Brexit: what this means for higher education

Posted by Emyr Lewis on
So now we are set to leave the EU and the speculation has already begun about what will happen to existing and planned EU-funded collaboration projects.

The position is more complex than that, however, nothing will happen immediately owing to Article 50 of the Lisbon Treaty. This states that EU law will still apply in the UK until terms have been agreed for UK's withdrawal from the EU, so many facets of regulation which impact on Higher Education, such as State Aid, would remain in place for at least two years.  If the UK is to remain in the EEA, then those rules may continue to apply indefinitely.

Given that the Referendum saw the universities sector unite in opposition to Brexit, it may be difficult for those working in UK institutions to look for positives today.

Ultimately, it is impossible to ignore the fact that the higher education sector, which is presently reliant on the EU as a reliable source of funding, in the form of students, research grants and capital finance, faces a challenging future, given the uncertain nature of the relationship between the UK and the EU. In the next five years, we may well see a more innovative approach to funding and collaboration required, with institutions looking further afield for support, or collaborations with the private sector.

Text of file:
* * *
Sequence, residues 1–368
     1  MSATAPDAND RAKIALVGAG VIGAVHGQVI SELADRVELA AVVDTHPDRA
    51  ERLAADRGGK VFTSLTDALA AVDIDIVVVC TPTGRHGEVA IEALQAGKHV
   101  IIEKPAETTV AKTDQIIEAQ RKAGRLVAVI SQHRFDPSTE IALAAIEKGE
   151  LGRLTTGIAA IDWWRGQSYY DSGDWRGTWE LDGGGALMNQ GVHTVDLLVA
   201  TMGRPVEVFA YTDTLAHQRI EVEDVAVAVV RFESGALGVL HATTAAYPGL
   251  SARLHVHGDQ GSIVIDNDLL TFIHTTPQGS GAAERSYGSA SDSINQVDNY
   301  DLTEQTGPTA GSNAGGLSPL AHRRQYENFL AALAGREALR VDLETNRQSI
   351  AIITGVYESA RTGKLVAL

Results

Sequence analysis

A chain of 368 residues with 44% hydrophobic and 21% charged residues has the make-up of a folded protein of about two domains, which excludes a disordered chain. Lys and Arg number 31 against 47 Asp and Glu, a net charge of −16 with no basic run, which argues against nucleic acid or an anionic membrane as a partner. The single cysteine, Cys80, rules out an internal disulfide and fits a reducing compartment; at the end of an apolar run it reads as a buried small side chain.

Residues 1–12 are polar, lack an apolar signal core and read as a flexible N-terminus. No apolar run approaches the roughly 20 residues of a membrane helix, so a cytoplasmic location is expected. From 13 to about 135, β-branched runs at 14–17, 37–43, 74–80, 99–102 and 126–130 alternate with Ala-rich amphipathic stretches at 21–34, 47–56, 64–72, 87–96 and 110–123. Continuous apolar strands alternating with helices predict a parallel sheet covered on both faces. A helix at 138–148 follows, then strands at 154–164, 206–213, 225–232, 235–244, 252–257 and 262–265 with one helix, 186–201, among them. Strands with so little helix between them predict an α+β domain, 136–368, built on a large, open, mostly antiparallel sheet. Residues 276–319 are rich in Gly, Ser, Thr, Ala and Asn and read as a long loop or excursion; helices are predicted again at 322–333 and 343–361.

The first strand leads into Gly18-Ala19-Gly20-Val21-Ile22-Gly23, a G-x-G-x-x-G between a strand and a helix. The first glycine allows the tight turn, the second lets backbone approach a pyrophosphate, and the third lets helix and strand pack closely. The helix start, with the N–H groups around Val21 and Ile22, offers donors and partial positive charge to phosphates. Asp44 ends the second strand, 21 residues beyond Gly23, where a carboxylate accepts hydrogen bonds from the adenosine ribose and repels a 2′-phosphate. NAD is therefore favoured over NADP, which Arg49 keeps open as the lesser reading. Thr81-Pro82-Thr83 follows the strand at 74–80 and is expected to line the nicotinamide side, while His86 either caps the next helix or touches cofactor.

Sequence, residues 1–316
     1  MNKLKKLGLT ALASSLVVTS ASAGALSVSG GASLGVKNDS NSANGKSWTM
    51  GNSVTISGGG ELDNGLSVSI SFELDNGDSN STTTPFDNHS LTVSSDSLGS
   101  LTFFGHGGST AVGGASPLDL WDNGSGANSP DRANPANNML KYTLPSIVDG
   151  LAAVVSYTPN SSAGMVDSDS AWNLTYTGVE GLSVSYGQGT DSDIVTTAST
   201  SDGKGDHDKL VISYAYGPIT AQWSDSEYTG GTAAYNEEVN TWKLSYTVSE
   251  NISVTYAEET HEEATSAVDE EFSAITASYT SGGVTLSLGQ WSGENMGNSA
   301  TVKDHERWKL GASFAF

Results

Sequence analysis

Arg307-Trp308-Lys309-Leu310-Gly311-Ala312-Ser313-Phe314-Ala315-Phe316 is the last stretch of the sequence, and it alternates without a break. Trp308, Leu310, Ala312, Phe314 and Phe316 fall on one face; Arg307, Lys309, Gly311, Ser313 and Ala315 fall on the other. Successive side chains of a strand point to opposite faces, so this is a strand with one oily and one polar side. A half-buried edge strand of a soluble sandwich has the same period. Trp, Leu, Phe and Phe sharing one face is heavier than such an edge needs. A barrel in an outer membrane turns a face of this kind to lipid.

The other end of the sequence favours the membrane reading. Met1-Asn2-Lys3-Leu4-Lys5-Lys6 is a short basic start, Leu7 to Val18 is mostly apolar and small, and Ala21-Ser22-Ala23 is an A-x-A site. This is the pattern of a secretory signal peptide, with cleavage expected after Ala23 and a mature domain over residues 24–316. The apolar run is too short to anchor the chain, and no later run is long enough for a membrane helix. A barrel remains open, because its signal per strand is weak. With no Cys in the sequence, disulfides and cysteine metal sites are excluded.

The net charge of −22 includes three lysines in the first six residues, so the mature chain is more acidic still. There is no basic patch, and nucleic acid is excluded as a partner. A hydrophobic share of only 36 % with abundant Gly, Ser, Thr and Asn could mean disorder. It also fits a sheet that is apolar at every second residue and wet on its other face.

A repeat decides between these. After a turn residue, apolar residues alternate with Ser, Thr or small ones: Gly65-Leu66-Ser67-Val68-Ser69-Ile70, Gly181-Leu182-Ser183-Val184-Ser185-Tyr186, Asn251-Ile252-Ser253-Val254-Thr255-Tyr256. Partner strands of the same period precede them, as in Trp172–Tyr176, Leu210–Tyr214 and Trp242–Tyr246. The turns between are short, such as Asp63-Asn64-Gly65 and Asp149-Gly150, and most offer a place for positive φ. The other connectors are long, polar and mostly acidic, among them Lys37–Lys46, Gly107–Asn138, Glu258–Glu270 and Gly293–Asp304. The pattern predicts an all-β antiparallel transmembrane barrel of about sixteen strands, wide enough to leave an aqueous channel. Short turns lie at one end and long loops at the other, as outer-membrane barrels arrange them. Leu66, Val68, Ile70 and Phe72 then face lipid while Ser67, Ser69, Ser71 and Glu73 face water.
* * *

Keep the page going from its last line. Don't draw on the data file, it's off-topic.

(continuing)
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Emyr covers public and constitutional law as well as heavyweight commercial transactions in the ICT and media sectors, public procurement and State Aid.

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